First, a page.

Stucco Installation

Your Local Experts for Sand & Cement Stucco Application

You can trust the Marina Stucco team to make your stucco aspirations a reality as the top stucco contractor in the greater Calgary area. Our expert team provides stucco installation for both residential and commercial buildings. Our clients get the choice of a variety of stucco colours and finishes for their perfect customized exterior.

Sand And Cement Stucco

Our stucco is made out of water, sand, and Portland cement. When these three elements are combined, they form a strong substance that dries to a hard, rock-like consistency that can be rough or smooth, depending on the finish you prefer. 


With a multi-step installation method, stucco is applied in three coats, over a wire mesh lath base that provides a solid and seamless building exterior.


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Sand & Cement Stucco Finish

Benefits Of Using Stucco

Long lasting – Stucco is a durable building material that was developed for repairs during WWII. When properly installed by professionals, stucco can last upwards of 50 years. 

Soundproofing Qualities – The insulation properties of stucco allow you to enjoy a bit more peace and quiet while indoors by resisting sound waves. 

Great Insulator – Stucco is an ideal insulator here in Calgary as it helps keep the warmth in during our long winters and repels the summer heat to keep your space cool. 

Fire And Mold Resistant – Stucco systems form a smooth, water-resistant shell around your home or building which makes it resistant to mold, mildew, or rot. Stucco is also fire-resistant, offering additional protection in case of a fire.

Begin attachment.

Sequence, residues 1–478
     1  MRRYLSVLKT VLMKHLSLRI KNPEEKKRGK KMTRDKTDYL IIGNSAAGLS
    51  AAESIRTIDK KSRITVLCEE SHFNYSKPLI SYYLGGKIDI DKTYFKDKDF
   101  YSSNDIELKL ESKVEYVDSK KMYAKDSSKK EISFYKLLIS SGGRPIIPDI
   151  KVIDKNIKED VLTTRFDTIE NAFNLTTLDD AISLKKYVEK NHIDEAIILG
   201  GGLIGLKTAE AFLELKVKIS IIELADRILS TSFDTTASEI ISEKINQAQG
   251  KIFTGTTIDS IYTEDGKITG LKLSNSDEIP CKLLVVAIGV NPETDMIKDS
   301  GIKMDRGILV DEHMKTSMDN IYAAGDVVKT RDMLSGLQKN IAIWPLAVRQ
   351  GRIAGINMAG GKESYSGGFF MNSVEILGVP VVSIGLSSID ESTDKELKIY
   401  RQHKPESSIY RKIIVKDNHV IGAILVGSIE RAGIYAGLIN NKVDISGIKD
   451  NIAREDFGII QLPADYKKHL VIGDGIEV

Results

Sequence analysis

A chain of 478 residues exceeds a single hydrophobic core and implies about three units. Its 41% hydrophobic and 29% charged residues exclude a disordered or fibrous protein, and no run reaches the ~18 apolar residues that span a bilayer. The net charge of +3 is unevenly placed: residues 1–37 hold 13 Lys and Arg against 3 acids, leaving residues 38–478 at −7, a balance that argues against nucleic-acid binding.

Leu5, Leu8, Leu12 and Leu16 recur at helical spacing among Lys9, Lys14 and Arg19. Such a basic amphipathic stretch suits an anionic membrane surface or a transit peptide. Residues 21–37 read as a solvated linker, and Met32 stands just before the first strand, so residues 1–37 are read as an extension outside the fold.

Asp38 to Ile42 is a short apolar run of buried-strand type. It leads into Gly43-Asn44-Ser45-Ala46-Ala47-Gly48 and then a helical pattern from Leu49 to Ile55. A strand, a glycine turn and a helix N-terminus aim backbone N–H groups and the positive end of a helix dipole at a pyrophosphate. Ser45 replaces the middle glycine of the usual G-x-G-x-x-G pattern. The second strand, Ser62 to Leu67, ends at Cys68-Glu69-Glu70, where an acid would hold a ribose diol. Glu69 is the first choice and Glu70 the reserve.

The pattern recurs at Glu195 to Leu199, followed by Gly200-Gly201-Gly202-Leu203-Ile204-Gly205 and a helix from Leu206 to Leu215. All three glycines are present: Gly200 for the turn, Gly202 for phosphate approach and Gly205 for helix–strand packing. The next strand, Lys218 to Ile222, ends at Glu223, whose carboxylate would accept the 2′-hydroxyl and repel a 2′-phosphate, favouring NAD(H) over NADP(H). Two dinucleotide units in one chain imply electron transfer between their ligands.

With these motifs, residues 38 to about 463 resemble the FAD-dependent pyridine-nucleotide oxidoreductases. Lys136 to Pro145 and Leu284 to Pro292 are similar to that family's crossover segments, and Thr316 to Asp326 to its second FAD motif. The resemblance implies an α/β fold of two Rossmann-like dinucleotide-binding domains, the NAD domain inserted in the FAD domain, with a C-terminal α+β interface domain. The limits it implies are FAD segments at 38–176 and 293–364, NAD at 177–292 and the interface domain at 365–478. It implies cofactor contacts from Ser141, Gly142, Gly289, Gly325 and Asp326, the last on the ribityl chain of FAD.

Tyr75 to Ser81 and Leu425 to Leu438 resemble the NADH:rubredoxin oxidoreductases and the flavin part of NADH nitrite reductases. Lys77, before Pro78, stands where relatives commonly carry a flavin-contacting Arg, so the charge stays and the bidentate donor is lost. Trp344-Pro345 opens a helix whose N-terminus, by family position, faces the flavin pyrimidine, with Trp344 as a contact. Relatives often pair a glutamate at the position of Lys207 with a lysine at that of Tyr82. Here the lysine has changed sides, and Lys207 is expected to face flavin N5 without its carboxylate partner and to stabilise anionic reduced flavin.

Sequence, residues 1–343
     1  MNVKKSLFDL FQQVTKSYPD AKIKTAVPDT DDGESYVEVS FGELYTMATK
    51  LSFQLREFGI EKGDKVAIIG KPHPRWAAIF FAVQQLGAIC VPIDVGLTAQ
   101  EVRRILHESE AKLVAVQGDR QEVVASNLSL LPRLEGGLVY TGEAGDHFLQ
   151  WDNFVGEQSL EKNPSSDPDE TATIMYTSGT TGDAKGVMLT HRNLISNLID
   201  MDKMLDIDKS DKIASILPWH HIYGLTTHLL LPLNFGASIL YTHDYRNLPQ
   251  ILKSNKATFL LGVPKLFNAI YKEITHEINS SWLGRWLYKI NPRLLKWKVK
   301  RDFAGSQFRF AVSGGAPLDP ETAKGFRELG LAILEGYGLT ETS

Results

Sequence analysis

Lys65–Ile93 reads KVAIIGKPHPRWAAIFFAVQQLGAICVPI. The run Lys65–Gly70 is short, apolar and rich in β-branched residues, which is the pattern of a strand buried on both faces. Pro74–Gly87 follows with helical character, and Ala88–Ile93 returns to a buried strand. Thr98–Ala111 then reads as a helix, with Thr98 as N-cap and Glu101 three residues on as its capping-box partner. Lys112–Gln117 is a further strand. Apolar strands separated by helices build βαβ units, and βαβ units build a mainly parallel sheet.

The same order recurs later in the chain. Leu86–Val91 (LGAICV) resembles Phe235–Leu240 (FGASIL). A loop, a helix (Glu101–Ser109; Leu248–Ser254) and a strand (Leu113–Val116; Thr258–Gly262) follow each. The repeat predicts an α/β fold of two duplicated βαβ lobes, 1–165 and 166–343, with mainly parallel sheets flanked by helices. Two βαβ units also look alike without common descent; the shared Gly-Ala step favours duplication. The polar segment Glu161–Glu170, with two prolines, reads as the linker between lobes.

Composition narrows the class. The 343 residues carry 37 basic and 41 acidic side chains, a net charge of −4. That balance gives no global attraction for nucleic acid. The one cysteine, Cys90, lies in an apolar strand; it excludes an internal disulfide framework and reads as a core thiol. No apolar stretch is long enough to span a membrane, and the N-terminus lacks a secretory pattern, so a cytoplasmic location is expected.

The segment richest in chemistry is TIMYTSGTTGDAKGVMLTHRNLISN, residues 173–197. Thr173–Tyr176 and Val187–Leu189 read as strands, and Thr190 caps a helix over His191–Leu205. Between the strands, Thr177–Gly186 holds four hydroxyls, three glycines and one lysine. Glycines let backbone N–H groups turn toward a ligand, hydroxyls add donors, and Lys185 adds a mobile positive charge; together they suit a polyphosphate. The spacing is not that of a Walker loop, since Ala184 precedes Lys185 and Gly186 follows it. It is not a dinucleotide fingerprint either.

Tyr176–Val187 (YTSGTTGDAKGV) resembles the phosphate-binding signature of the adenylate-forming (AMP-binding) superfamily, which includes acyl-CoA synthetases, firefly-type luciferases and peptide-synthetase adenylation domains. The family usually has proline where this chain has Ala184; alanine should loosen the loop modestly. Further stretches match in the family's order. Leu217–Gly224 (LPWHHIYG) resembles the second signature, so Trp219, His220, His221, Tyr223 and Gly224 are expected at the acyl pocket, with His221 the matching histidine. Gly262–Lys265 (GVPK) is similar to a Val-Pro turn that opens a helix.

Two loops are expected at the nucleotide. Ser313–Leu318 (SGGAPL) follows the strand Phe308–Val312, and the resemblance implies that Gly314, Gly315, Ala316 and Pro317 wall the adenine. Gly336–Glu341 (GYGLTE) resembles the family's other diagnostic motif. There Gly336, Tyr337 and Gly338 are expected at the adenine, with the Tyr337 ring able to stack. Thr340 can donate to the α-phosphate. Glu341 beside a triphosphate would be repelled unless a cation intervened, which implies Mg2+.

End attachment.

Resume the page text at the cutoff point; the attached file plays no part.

Attractive – In contrast to other types of siding, stucco can completely transform the exterior style of your building. From a textured finish for a mediterranean feel to a modern smooth finish, stucco is sure to bring renewed curb appeal to your home or business. 

Residential Stucco Installation

History Of Stucco

Stucco was traditionally used as both an interior and exterior finish applied in one or two thin layers. The finish coat usually contained an integral color and was typically textured for appearance.

Then with the introduction and development of heavy timber and light wood-framed construction methods, stucco was adapted for this new use by adding a lath, attached to and spanning between the structural supports and by increasing the thickness and number of layers of the total system. The lath added support for the wet plaster and tensile strength to the brittle, cured stucco; while the increased thickness and number of layers helped control cracking.

Following World War II, the introduction of metal wire mesh, or netting, replaced the use of wood lath. Galvanizing the wire made it corrosion resistant and suitable for exterior wall applications. At the beginning of the 21st century, this “application” method of wire mesh lath and three coats of exterior plaster is still widely used.